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55-21 Horizontal Stabilizer (LD)

Builders Guide

55 Stabilizers

55-21 Horizontal Stabilizer (LD)

Horizontal Stabilizer Main Spar Sub-assembly

We will start the construction of the horizontal stabilizer assembly by beginning with the main spar sub-assemblies. This consists of the main spar to with reinforcing sleeves inserted in 3 locations.
The first part that we have to create is the horizontal stabilizer spar tube.  We will be creating all of the reference marks on the main spar tube. We will start with generating a reference line down the length of the spar.

We will we measuring and marking the spar tube using the ordinate system. The inboard section of the tube is the origin and all marks will be made with a tape measure measuring from the inboard edge outboard.

Using a fine point magic marker to ensure that the distances for the holes are accurate. Layout each one of the holes along the length of the horizontal stabilizer spar and mark and label if necessary.

We have found a very effective way of marking the spar accurately. If we use a larger magic marker to create a black area. Then we can come back with a scribe and make a very precise line. Keep in mind that the scribe line needs to be within the circumference of the hole that your drilling. Even a very small tick mark will allow you to use a center punch to accurately position for the drilling process.

To increase the accuracy even greater, you can use a tape measure to mark a reference line at the nearest inch. And then use a pair of calipers to carry the additional dimension to the .001 level of accuracy.

Refer to the dimensions on the drawings that are in the builder database. The only changes on any drawings take place on the builder database files only. It is too difficult to track all of the individual places where we use the JPEG’s of the builder files.

The only hole that penetrates the spar through the top of the horizontal stabilizer spar is the hole that locates the lift strut attach eye bolt. All of the other holes are located on the forward plane of the horizontal stabilizer spar.

Once we have completed the layout and marking of all of the holes to be drilled on the forward side of the horizontal stabilizer spar we can center punch each one of these.

In our procedures we like to drill all of the holes with a 1/8 inch or #30 drill bit. This way we have a pilot hole for the holes that will be converted to 3/16 and eventually 1/4 and the holes for the pop rivets that hold the sleeves in position will be pre-drilled for the sleeve positioning.

The next step will be to prepare each one of the internal sleeves. We will need to mark them and drill the hole for the .125 inch pop rivet hole.

And just like the main spar we will center punch.

Next we will drill the 1/8 inch rivet holes into each one of the internal sleeves. In this picture here we are starting with the outboard sleeve as an example.

Next we will insert the sleeve into the  main spar and align the rivet holes. Then we can insert a 1/8 inch copper Cleco to hold the sleeve in place on the horizontal stabilizer spar.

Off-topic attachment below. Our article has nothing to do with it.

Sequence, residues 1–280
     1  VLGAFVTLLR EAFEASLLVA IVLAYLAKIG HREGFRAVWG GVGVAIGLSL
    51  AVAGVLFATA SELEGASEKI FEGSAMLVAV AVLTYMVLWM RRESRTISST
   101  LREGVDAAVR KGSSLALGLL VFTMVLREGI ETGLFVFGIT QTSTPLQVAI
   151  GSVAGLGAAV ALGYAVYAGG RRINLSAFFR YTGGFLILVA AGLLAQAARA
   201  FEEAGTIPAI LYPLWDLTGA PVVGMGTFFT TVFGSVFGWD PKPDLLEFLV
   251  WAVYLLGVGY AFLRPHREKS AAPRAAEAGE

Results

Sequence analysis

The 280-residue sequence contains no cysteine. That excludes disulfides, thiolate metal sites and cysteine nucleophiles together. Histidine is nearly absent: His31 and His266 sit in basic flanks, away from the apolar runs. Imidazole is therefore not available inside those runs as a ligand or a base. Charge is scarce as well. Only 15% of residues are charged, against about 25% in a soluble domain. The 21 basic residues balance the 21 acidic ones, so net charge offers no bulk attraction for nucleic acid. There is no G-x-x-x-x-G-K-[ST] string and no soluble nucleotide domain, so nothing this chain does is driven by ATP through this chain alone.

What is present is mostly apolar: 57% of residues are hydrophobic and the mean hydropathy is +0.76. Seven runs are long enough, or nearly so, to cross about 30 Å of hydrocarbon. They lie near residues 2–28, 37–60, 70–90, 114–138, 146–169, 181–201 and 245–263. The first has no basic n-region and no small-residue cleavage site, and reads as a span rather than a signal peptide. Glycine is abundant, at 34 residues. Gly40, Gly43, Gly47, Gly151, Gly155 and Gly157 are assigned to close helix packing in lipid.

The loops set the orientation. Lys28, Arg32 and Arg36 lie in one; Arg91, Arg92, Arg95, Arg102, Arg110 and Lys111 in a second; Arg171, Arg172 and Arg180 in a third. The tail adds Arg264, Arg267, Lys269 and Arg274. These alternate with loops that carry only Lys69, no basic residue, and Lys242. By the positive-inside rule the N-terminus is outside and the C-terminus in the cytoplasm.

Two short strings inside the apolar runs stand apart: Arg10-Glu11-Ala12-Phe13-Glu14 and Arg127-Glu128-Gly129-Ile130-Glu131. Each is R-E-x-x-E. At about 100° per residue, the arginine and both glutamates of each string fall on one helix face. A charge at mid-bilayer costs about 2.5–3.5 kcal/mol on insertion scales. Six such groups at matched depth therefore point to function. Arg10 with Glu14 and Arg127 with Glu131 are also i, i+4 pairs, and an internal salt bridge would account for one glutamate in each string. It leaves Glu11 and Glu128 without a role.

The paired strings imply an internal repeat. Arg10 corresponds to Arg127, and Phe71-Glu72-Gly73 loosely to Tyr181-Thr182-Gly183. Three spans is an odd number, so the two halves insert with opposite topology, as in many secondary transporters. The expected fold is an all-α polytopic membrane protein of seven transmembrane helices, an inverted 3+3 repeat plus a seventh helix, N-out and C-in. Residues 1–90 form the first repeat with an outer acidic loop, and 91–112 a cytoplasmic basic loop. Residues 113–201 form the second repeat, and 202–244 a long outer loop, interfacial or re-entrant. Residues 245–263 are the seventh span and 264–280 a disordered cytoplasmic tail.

Now remove the Cleco and installed the CCP 4-2 stainless steel pop rivet to hold the inner sleeve in place before you drill.

Next we can drill the hole through the inner sleeve using the spar tube as a guide. We use a #2 uni-bit. Keep in mind we are only drilling through one side of the spar at this time. And we use the Uni bit only for the purpose of drilling through a single side of the spar. The #2 in a bit is the only one that has a long enough shank on each size to be able to do this with.

Once we have a 3/16 inch hole through both the spar tube and the outboard sleeve we can take the assembly over to the drill press with the V block set up and drill completely through the spar ensuring that the whole is centered for the adjacent side.

We can now take are #2 Uni bit and using the sleeve as a guide we can drill through the spar to increase the outboard elevator hinge bolt hole to a 1/4 inch diameter size. Using the unit bit works very well because it maintains very good consentricity when drilling through thin-walled tubing.

We can now rotate the tube 180° and drill the 3/16 hole that we previously drilled all the way through the spar on the drill press to a 1/4 inch diameter hole using the #2 Uni bit.

We can now temporarily insert a 1/4 inch diameter AN 4 bolt. Using this drilling method will normally result in a very clean  hole for the through bolt. It should not have any resistance to turning but it should also not be loose or wobbly in the bolt holes.

Next because it’s in the middle we will insert the Main Spar Mid-Sleeve part number 55-21-29. Note that the hole location for the CCP 4-2 is located on the inboard side of the sleeve inboard from the mid-tube attach bolthole.

The main spar mid-sleeve is manufactured from 1.375×.058 6061 T6 aluminum tube. Because of the way that we are externally referencing all of the bolt holes for the drilling process only  hole that needs to be drilled in this tube is the 1/8 inch stainless steel pop rivet hole is located 2.5 inches from the end of the inboard side of the midspan sleeve.